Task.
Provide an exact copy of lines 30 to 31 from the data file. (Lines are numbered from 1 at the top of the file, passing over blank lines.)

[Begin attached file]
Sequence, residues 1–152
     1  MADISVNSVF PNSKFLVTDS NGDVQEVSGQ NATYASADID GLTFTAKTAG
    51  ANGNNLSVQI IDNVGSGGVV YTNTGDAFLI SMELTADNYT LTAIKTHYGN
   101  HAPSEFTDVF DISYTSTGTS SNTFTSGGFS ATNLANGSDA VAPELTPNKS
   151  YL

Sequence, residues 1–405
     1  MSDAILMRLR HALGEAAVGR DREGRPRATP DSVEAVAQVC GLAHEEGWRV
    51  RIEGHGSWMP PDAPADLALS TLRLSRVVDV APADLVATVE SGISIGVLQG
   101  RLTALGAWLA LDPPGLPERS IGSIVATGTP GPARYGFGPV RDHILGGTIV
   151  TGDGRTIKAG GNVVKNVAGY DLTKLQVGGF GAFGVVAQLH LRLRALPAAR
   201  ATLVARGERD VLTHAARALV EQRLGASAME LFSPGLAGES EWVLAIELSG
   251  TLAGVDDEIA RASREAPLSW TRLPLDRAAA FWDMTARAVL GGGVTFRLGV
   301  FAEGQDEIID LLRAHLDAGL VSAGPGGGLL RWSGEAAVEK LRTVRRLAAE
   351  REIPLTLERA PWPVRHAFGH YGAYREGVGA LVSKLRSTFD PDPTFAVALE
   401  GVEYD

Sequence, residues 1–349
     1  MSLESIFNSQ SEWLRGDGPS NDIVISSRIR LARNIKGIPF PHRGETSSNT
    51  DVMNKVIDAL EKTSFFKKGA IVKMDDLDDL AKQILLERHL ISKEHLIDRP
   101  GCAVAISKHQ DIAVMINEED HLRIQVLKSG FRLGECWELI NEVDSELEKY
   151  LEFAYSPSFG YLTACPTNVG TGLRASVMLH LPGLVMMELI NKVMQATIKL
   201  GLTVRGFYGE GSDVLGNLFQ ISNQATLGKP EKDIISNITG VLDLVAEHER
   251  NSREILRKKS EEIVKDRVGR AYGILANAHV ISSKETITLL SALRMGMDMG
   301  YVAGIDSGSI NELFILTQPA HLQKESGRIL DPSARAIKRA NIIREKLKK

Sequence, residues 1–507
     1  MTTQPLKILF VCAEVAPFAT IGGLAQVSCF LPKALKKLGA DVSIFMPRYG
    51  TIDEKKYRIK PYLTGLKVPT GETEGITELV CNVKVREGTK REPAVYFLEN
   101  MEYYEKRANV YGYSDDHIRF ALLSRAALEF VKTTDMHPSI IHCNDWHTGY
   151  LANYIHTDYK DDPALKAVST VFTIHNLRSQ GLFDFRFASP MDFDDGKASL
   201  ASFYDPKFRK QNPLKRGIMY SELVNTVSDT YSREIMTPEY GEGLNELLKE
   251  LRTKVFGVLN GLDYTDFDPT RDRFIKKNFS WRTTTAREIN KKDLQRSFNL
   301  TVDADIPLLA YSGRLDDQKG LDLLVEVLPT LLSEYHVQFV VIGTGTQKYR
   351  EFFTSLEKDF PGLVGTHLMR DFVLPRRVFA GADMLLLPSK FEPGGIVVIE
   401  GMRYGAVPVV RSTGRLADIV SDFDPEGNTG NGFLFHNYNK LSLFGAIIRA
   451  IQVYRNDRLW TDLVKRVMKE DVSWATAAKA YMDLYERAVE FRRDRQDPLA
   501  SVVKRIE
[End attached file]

   251  LRTKVFGVLN GLDYTDFDPT RDRFIKKNFS WRTTTAREIN KKDLQRSFNL
   301  TVDADIPLLA YSGRLDDQKG LDLLVEVLPT LLSEYHVQFV VIGTGTQKYR